Do your opinions get in your way? Do your opinions cause issues in your relationships? What would happen if you weren’t so attached to your opinions? Today I want to talk about why we should be willing to let go of attachments to our opinions and how doing so can help you live a happier life.
“Everything we hear is an opinion, not a fact. Everything we see is a perspective, not the truth.”
— Marcus Aurelius
“Be disentangled from all perceptions. They are not you.”
— Brian Thompson
The stoics talk a lot about how our opinions are one of the things that cause us the most stress in our lives, and that we can, at any point, choose to not have an opinion about something. Now what exactly does this mean? I mean, the stoics seemed to have some pretty strong ideas about what life is about and how to live. Is this is ironic? Does it mean the stoic are wrong?
When the stoics talk about having an opinion on something, they recognized that an opinion is just our perspective on something. It is not something that is a fact. The problem is that we often treat them like facts, and get so attached to them that we’re willing to end friendships, and exclude people from our lives because they don’t hold the same opinions as we do.
"It is not things themselves that disturb people, but their judgments about those things."
First, lets talk about the different kinds of opinions that we have, and some of the downsides to each of them.
Opinions are often judgments that we have about something. Usually these are based on some experience we have which cause us to form an opinion around something. While taking time to judge things properly is important, we need to be careful that we don’t make sweeping judgments or fall into black and white thinking. For example, we might see some bad behavior by someone and make a judgement that they are a bad person without knowing the whole context of a situation.
“Opinion is the enemy of reason. We prefer the plausible to the true.”
Beliefs are simple strongly held opinions. It is not something that is based on facts, because if it were based on facts, then it wouldn’t be something that you would need to believe in. Often, we will justify our opinion on something by claiming that it is something that we “believe”, but this doesn’t make it any less of an opinion, or immune from scrutiny. In fact, I think that it’s highly important that we examine the things that we claim as beliefs. Any time someone claims that they “believe” something, just remember that they are simply sharing their opinion.
“Very little is needed to make a happy life; it is all within yourself in your way of thinking.”
— Marcus Aurelius
I also want to differentiate between something that is a principle versus something that is an opinion. Generally speaking, a principle is a fundamental, foundational value that guides our actions. An opinion, on the other hand, is a specific idea or view about something that may or may not be based on a principle.
In other words, a principle is like the foundation of a house, while opinions are the different rooms and decorations that can change over time. You may hold a principle of treating others with kindness, but have opinions about what kindness means in different situation. We may also have opinions that do not necessarily reflect any deeper principles, such as having an opinion about whether pineapple belongs on pizza, which of course it does.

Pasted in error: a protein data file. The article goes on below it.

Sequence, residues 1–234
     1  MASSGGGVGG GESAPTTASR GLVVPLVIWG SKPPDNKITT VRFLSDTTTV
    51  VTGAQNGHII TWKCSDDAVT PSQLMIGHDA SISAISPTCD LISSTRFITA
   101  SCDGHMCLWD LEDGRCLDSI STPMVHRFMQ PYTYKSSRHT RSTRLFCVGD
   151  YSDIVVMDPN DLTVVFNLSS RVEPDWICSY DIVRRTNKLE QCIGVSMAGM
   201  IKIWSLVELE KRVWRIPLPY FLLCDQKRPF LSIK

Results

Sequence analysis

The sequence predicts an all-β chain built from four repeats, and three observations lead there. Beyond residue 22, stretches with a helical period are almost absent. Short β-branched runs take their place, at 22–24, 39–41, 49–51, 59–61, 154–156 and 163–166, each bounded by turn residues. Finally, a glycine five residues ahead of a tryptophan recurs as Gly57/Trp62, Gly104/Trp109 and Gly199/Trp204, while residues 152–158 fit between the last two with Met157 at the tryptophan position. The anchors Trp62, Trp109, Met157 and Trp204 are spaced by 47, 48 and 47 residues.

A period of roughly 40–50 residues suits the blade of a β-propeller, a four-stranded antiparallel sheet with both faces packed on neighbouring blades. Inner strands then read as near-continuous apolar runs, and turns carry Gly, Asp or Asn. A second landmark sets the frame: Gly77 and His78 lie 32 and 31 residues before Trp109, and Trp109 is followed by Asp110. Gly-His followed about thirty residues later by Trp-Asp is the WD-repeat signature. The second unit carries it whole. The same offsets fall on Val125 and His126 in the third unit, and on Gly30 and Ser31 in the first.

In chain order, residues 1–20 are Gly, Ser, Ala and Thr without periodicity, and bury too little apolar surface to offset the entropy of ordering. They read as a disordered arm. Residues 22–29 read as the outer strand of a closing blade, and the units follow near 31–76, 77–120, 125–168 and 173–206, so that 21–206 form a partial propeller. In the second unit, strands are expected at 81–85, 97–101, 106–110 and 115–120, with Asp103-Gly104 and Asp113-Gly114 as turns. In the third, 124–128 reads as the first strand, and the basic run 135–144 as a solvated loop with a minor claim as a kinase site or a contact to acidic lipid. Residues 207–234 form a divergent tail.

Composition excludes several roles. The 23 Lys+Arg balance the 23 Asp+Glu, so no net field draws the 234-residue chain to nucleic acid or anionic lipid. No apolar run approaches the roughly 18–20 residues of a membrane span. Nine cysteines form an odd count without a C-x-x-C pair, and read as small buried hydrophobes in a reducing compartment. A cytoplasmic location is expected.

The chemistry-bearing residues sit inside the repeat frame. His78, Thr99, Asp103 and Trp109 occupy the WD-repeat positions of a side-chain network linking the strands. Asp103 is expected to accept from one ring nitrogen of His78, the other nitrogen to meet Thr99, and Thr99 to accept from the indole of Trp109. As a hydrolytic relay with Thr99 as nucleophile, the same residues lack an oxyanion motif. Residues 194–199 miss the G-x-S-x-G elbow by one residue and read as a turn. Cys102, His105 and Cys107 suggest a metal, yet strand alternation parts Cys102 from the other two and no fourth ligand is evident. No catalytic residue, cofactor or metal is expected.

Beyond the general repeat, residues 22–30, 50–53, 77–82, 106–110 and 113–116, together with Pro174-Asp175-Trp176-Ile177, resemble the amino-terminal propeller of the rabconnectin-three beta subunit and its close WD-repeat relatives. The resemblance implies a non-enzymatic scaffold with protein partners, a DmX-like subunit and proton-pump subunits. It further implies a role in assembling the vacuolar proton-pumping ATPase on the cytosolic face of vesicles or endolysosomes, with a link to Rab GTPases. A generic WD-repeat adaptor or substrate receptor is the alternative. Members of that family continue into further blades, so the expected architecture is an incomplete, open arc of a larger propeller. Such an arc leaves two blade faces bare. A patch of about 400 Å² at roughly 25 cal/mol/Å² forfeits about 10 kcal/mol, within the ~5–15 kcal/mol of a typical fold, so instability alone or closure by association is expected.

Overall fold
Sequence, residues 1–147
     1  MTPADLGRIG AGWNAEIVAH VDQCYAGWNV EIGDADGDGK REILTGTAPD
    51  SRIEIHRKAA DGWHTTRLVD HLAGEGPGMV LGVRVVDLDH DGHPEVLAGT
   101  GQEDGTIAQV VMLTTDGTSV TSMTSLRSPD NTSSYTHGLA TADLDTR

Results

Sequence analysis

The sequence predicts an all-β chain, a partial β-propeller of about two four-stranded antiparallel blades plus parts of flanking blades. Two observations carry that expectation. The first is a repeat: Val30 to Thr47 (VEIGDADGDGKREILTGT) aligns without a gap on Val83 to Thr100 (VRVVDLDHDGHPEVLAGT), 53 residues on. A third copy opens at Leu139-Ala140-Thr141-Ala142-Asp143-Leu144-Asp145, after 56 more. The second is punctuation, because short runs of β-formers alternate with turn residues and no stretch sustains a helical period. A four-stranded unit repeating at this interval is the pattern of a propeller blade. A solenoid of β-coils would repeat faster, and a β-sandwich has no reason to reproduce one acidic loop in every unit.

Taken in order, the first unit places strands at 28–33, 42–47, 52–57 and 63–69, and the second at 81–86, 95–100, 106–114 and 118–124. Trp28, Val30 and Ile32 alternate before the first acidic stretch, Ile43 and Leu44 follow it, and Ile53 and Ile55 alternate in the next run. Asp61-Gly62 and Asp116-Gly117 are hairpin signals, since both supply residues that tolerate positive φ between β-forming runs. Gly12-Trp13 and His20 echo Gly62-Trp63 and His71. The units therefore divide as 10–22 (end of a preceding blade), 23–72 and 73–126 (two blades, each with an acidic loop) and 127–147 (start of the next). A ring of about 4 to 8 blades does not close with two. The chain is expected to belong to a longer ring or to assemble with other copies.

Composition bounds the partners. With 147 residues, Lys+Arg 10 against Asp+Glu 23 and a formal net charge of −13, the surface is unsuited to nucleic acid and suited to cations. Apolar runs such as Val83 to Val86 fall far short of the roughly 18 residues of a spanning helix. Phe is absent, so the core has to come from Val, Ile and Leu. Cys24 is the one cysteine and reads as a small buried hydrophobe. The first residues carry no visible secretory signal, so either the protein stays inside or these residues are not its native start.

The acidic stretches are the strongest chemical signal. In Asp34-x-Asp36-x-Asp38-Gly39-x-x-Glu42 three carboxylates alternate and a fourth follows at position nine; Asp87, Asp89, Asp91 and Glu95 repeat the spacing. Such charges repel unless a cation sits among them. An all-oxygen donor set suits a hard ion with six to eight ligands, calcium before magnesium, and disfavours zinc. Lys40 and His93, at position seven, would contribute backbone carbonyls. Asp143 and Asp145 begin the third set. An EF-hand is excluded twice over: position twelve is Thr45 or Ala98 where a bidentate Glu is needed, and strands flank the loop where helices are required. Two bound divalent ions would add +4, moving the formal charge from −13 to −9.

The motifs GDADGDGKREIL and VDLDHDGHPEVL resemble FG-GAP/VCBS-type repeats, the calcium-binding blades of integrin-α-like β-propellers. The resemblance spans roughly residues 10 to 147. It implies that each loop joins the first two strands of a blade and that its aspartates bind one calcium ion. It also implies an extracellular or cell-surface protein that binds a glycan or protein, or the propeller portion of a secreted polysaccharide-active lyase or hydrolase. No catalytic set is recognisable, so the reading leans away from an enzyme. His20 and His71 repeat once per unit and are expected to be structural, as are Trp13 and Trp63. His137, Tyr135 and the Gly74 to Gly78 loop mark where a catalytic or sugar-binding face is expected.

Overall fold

Another key differentiation of principles and opinions is that principles tend to be focused on things that are in our control, like our own thoughts and actions, while opinions might be more focused on things that are outside of our control, like what others think or do.
“The first rule is to keep an untroubled spirit. The second is to look things in the face and know them for what they are.”
— Marcus Aurelius
So why do people hold onto and defend their opinions so strenuously?
Often, people defend their opinions because they are afraid of being wrong or looking foolish. The insecurity that comes from being wrong about something can drive people to defend their opinions, even if their opinion is unhelpful, damaging, or downright wrong.
Another reason why people feel such a strong attachment to their opinions that they want to feel certain about how they view the world. The world is a complex and confusing place that is not easy to understand or make sense of. For some, ambiguity and uncertainty are very uncomfortable, and so they look to find answers that make sense to them to reduce their anxiety. Often these ideas are not well thought out, but they speak to the persons preconceived ideas of how things are, so they latch onto them.
Another key idea in Stoicism is to recognize the role that emotions play in shaping our opinions. When we're attached to an opinion, it's often because we're feeling a strong emotion like anger, fear, or pride. If we can take a step back and try to identify the underlying emotion, we can then question whether it's serving us well.
Probably the biggest problem we run into with attachment to our opinions and beliefs is they can become part of our identity, meaning that we see our beliefs as part of our self concept or self image. We see letting go of a belief as letting go of a part of ourself. When we hold onto opinions this tightly, we feel like changing our opinion would threaten who we are as person, and in some cases, it threatens our reality.
“Everywhere, at each moment, you have the option: to accept this event with humility; to treat this person as they should be treated; to approach this thought with care, so that nothing irrational creeps in.”
So what happens when we hold on to our opinions too tightly?